I’m sure they could see our desperation, somewhat selfish, wondering what we were to do, where we were to turn now, with the nearest hospital several hours away, and one friend beginning to go into shock from his head injury. I will never forget what happened next. A doctor looked me in the eyes and said, “You do not need to worry. We will still take care of you. We just cannot do it in the hospital since it is closed down now.”
They set up a makeshift clinic, and saved our lives. It is one of the most powerful experiences of my life. When we went to pay them for their services, they refused our money, and insisted that the only thing we could do to repay them is to tell the story of their hospitality, and of the bombing that destroyed their hospital.
So that’s what we have done. 12 years later, the hospital in Rutba is still in ruins. An investigative journalist wrote a book entitled The Gospel of Rutba, about the hospital bombing, and the compassion of those doctors who saved our lives. Greg Barrett, that talented award-winning journalist was able to uncover the truth in spite of the US refusing any responsibility. Five days after the bombing, the Pentagon had issued a statement saying that the US Central Command had no knowledge of a hospital bombing in Rutba. But Greg learned that it was indeed the US military who was responsible for dropping the bombs that destroyed the hospital in Rutba.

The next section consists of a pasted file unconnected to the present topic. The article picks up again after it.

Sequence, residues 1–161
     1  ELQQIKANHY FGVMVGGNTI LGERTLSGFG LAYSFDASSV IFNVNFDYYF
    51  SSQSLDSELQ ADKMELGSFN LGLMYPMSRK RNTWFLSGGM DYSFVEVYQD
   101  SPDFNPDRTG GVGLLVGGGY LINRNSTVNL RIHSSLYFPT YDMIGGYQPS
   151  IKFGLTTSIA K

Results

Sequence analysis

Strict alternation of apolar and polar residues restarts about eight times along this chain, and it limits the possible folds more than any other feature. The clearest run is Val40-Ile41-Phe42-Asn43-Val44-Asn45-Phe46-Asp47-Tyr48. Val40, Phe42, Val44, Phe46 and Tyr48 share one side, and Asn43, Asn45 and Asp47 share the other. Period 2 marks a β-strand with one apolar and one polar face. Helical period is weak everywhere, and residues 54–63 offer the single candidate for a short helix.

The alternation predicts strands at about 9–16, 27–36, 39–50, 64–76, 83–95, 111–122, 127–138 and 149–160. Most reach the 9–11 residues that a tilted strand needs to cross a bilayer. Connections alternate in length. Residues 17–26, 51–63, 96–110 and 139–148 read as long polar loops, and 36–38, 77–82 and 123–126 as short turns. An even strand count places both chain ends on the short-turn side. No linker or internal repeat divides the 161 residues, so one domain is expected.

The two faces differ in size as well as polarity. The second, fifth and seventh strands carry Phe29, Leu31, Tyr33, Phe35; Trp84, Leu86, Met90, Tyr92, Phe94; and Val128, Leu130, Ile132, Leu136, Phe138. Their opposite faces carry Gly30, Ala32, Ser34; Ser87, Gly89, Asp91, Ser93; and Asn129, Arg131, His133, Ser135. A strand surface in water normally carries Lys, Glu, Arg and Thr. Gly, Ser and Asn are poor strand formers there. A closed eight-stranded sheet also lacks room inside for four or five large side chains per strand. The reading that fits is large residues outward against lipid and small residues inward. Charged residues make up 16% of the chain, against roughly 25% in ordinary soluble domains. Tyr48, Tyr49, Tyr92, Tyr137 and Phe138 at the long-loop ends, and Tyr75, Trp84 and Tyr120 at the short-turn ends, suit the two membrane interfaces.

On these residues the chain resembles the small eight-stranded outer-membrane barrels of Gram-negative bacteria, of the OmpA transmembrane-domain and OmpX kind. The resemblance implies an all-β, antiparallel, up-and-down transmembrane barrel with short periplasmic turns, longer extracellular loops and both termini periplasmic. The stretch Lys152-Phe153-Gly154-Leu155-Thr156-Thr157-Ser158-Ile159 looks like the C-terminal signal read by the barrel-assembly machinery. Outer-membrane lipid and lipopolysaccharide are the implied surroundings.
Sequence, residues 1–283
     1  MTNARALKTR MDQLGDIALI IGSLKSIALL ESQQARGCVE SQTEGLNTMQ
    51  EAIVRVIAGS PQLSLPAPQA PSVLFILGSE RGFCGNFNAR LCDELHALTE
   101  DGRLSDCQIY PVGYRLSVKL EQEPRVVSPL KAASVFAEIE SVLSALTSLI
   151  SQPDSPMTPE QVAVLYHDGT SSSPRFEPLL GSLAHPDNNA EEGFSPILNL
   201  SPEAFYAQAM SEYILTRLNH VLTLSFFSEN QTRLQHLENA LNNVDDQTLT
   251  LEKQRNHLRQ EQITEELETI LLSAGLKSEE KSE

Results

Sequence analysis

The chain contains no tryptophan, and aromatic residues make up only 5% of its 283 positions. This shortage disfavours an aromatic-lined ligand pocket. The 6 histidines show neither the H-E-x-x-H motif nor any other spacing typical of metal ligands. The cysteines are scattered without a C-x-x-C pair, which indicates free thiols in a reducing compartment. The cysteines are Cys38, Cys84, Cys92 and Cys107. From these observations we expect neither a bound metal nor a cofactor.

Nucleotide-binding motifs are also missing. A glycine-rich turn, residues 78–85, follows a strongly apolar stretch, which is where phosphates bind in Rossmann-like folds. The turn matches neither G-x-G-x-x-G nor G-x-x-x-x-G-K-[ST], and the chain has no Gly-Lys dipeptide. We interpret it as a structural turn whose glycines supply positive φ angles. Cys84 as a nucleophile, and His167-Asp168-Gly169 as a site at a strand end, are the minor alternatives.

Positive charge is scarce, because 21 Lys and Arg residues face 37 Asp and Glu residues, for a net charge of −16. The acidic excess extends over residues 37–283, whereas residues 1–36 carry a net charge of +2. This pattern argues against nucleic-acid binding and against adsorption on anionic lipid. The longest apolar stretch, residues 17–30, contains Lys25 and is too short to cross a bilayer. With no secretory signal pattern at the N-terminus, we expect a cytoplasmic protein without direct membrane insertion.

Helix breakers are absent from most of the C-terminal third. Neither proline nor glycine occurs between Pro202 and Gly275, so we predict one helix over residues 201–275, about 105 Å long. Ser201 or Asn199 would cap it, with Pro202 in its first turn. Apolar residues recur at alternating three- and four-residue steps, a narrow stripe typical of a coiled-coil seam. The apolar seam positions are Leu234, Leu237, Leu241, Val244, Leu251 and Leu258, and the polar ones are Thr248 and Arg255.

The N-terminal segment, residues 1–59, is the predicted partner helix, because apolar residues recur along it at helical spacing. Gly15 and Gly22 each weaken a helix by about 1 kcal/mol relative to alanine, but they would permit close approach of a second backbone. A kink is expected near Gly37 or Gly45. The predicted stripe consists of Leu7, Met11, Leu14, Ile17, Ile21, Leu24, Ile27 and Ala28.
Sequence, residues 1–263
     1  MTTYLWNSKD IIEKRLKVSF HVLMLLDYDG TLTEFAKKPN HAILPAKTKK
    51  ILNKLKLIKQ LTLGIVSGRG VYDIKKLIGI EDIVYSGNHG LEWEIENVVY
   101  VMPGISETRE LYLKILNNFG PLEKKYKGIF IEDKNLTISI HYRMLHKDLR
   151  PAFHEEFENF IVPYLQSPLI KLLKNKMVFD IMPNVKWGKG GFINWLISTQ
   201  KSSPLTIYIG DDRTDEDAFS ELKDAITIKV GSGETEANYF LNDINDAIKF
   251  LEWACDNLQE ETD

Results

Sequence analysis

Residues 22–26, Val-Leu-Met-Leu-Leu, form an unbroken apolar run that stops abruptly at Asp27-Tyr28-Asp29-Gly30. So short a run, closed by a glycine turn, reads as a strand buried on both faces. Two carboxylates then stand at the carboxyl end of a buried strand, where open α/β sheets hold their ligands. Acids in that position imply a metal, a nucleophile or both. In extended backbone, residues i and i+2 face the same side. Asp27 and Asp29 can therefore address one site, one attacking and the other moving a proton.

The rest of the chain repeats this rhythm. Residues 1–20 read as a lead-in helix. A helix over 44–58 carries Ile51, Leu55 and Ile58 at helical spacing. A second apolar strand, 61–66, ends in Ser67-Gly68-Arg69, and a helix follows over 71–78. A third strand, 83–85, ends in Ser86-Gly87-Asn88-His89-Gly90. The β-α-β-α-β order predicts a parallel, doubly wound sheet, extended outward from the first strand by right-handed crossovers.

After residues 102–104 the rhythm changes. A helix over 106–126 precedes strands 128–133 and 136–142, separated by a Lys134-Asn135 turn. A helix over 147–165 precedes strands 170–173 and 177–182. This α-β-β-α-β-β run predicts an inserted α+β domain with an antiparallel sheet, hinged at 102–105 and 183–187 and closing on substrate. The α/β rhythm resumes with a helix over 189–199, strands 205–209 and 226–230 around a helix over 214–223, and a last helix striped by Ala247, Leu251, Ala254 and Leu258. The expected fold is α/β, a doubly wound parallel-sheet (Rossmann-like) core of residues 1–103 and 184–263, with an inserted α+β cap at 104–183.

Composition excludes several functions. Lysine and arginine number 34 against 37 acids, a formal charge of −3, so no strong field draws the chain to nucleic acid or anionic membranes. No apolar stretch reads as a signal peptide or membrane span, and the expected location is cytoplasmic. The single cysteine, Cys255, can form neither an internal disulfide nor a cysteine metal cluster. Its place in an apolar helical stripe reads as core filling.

I remember one of those doctors telling me: “The US can keep its Operation Freedom. This is not freedom. If this is what freedom looks like, we do not want it.” Martin Luther King said of those in Vietnam: “They must see us Americans as strange liberators.” It is a strange sort of “liberation” that bombs hospitals.
You begin to wonder if we are not inspiring new acts of hatred rather than neutralizing them. The “cure” is as bad as the disease. I heard one veteran say exactly that: “I began to realize that we were not getting rid of extremists, we were creating them.”
Dr. King showed the world that fire doesn’t put out fire. Hatred doesn’t stop hatred. Violence doesn’t get rid of violence. And there is a reason Doctors Without Borders won the Nobel Peace prize. They are heroes. They lost their lives risking their lives to save peoples’ lives. Heroes. And the United States of America bombed their hospital, a place where they treated 22, 000 people last year, the only hospital in the region. This should cause us pause. And protest. It should make us renew our vigilant work for peace – and for an end to the drones, the bombing and the war.
Otherwise we are in great danger–in fighting the terrorists, we have become terrorists.
RLC would love to help Doctors Without Borders (MSF) in the wake of this tragedy. If you donate $50 or more to MSF and email your donation receipt to [email protected], we’ll send you a copy of Greg’s book, The Gospel of Rutba.